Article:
In the mid 90s, Keith Mahar was the target of a smear campaign while pursuing an investigation into questionable activities by corporations and Canada’s broadcasting regulator. While his efforts resulted in questions to the prime minister in parliament, and a precedent-setting legal case, he publicly experienced a severe psychotic episode that destroyed his reputation and interrupted his role as a political activist for a decade.
Today, Mahar is based in Canberra as a social worker, mental health advocate and political activist. Amongst other things, he has shared his personal story experience of mental illness and recovery with audiences for over a decade as a volunteer educator with Mental Illness Education ACT. At the ANU, he recently addressed guests and residents of Burgmann College on September 1 and is planning a discussion with residents of St Johns XXI on October 7.
Mahar’s presentations provide insight into personal experiences of mental health issues and draw attention to the damage that is caused by stigma.
Speaking with Woroni, Mahar expressed that he once felt “completely ashamed” for having a mental health issue.
“I thought nothing was ever going to get better”.
Yet, things did improve for Mahar: “as soon as you know that depression is breaking, it is such a relief”.
The important, gradual realization that “the symptoms of hopelessness are a symptom of depression, not a predictor of one’s future” meant that he was able to distinguish and recognise “delusions of depression and false feelings of hopelessness” and start taking small steps towards rebuilding the type of life that he wanted.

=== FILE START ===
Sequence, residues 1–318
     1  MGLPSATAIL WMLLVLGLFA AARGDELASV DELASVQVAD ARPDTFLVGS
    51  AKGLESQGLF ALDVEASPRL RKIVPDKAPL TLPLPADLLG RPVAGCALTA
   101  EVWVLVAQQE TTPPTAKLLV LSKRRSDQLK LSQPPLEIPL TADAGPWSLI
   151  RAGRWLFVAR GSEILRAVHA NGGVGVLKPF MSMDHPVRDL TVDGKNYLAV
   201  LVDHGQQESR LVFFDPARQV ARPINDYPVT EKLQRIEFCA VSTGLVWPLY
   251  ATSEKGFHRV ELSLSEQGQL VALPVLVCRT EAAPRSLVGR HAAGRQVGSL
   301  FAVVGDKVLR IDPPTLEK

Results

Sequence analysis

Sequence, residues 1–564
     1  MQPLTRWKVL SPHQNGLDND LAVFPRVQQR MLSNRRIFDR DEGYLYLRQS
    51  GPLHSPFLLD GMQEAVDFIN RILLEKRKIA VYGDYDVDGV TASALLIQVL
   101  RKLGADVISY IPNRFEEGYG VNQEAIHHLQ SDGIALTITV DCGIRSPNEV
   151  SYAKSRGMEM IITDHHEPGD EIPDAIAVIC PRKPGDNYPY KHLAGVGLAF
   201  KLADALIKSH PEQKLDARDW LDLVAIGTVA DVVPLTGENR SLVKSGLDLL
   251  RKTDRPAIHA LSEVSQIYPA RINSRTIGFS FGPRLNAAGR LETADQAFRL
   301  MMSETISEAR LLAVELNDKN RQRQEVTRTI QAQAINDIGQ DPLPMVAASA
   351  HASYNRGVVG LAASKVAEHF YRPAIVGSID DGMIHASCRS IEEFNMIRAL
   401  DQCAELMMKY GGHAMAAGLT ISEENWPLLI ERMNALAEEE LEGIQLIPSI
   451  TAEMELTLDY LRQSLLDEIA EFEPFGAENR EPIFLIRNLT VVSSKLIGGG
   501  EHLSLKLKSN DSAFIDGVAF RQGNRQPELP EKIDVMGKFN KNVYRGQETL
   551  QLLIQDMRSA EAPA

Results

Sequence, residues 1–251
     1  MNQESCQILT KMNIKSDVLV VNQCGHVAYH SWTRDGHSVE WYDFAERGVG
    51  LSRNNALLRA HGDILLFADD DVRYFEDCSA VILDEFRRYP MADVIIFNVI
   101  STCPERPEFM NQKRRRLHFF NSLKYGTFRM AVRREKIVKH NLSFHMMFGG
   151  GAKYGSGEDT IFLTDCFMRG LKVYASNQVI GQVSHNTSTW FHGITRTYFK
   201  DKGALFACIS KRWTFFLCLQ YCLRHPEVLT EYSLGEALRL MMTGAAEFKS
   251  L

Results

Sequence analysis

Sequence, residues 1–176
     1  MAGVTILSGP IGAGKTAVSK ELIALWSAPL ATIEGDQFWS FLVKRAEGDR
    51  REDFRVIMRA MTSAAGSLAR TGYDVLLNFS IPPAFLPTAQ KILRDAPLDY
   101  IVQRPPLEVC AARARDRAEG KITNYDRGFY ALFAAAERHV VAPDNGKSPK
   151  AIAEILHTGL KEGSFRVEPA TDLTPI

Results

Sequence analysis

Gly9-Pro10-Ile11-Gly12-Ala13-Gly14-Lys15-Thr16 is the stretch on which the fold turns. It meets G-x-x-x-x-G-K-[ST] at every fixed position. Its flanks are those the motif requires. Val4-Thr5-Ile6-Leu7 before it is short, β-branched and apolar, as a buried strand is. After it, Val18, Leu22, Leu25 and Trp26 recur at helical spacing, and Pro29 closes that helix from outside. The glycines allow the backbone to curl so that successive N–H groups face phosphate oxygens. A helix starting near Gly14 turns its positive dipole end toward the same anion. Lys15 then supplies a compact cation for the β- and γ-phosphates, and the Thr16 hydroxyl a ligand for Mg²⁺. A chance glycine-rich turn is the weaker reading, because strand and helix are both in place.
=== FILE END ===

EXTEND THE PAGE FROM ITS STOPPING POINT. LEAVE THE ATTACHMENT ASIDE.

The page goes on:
“Over time I recognised that the key for me [to maintain] my mental health…was to have a longer term vision for my future and be able to notice early warning signs of mental illness in order to take effective steps to avoid relapse”.
Mahar encourages students to adopt proactive approaches to maintaining their mental health. “People go to the gym to stay healthy for their physical fitness, why don’t they get into meditation or relaxation therapy for their own mental health? Its about trying get on the front foot and not waiting for something to happen.”
When asked about the need to eradicate damaging stigma, Mahar lists labels and language as major barriers to a person’s recovery. Arguably, bigoted and disparaging terms that refer to psychotic illnesses like bipolar disorder and schizophrenia are more prevalent than ever due to depictions in the media; even despite an increased awareness and acceptance of issues like depression and anxiety.
Indeed, Mahar recently challenged the comments made by journalist Joe Hildebrand on ‘The Drum’ which compared fringe voters to “crazy people” who should be ignored, as should a “schizophrenic vote”. His submission to the Commonwealth Ombudsman is ongoing, but he is hoping to test “where we draw the line” in terms of discriminating against mental health issues.
Media emphasis on negative stories regaling cases of psychotic illness also perpetuate stigma. “[These stories] are not counter balanced by enough education, enough positive stories.”
“Millions of people coping with a mental illness and recovering in the world doesn’t make the news” in the same way that sensationalised stories do, comments Mahar. He emphasises the importance of contextualizing stories of mental illness with positive achievements and stories of resilience, recovery and progress.
“Talking with people and explaining one’s personal experience in balanced way is one way to reduce stigma with young people”.
Keith Mahar urges students to go to a doctor if experiencing mental health problems, and to also be aware of online e-Health resources, like Mood Gym and E Couch (initiatives designed and developed by staff at the National Institute for Mental Health Research at the ANU).
Photo courtesy of http://www.keithmahar.com/
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